Taxing times for Coorg

A new timber tax is a livelihood dilemma for coffee growers

 
By Deepa Kozhisseri
Last Updated: Saturday 04 July 2015

Clouds of doubt over silver oa (Credit: C P Muthanna)a new timber tax has hit the coffee growers of Karnataka's Coorg district. Faced with a sharp drop in coffee prices since 1999, they depend on timber felling, mainly of the silver oak tree. It is now feared that the new tax would make them resort to increased felling, harming the region's sensitive ecology.

The state government issued a notification on May 10, 2004, amending rule 145 of the Karnataka Forest Rules (1969), for levying a transport fee at Rs 200 per cubic metre of timber being transported from plantations and other areas. This works out to about Rs 2,000 per lorry load. But timber merchants complain they stand to lose Rs 2,500 per lorry load, as they have already bought the trees. They also admit they would transfer the burden on coffee growers. "We have to get the money from somewhere," argues A Karyappa, vice president, Kodagu Timber Merchant and Land Owners Association.

On their part, the growers, who for the past year have been demanding the right to fell more trees on their lands (see 'Timber tussle', Down To Earth, March 31, 2004), are now campaigning to protest the tax. The Codagu Planters Association is preparing a memorandum in this regard to be given to the minister concerned. "The timber merchant is now going to push the burden on coffee growers, who are desperate to sell. In fact, growers might sell a few more trees to earn the required amount of money," says Uthapppa Vijay, a coffee grower from Virajpet in the district.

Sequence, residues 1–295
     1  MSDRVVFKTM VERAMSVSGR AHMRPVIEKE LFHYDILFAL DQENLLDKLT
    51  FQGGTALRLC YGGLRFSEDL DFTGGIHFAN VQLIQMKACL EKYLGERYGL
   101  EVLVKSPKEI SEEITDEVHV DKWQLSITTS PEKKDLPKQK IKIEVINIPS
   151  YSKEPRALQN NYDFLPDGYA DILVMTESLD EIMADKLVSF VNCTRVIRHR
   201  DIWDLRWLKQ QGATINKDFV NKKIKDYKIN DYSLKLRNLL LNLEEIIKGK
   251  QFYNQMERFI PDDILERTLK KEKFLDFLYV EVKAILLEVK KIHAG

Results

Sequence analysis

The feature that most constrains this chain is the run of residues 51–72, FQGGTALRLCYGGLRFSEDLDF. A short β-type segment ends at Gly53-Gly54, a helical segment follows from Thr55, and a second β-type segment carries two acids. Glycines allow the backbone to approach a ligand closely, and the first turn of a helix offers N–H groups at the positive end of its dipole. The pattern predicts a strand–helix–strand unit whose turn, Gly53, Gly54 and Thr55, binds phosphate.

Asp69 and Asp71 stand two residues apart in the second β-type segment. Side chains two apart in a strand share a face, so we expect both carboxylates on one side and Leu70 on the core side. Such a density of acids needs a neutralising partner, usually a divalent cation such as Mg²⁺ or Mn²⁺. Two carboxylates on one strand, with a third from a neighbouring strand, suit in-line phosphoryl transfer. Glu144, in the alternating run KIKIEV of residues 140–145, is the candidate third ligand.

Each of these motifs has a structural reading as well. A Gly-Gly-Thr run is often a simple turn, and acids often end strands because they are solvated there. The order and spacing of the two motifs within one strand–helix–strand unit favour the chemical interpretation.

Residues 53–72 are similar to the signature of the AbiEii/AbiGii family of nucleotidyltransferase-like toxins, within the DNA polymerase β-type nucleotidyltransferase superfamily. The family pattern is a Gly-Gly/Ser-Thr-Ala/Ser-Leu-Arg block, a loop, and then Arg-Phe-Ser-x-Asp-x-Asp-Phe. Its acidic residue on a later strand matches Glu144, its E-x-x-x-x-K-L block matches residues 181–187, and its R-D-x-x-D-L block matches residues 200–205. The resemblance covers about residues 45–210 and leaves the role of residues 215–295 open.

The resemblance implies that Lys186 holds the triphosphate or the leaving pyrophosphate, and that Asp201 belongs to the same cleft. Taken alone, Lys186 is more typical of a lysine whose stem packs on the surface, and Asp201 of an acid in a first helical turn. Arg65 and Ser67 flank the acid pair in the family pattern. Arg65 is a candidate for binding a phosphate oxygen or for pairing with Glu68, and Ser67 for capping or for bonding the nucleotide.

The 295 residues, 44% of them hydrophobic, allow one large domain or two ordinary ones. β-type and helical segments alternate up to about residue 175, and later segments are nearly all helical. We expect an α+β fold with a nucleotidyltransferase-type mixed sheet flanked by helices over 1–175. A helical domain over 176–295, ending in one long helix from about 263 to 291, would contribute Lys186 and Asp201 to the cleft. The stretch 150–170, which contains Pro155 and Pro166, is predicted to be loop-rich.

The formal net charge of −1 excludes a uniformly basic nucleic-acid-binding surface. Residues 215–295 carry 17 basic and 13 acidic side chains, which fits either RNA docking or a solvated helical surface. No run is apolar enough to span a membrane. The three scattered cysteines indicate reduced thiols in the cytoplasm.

But in view of the ecological significance of the trees in Coorg, increased felling would have far-reaching consequences. This district forms the key catchment area for Cauvery river. Availability of the river's water to the residents of Bangalore and farmers of Mandya district hinges on the presence of trees here, according to experts. What further complicates the issue is that the Tree Preservation Act is not applicable to silver oak, casurina, erthrina, euclyptus, glyceridia, hopea, wightina, prosipis, rubber, cesbania and subabul. As a result, conservator of forests, Kodagu Circle, C Venkatasubbaiah, says his department would not impose any restrictions on the felling of silver oak.

The timber of the silver oak, which is grown as a shade tree for the canopy over coffee, has a good demand in the market. Its soft wood is used in the packaging industry.

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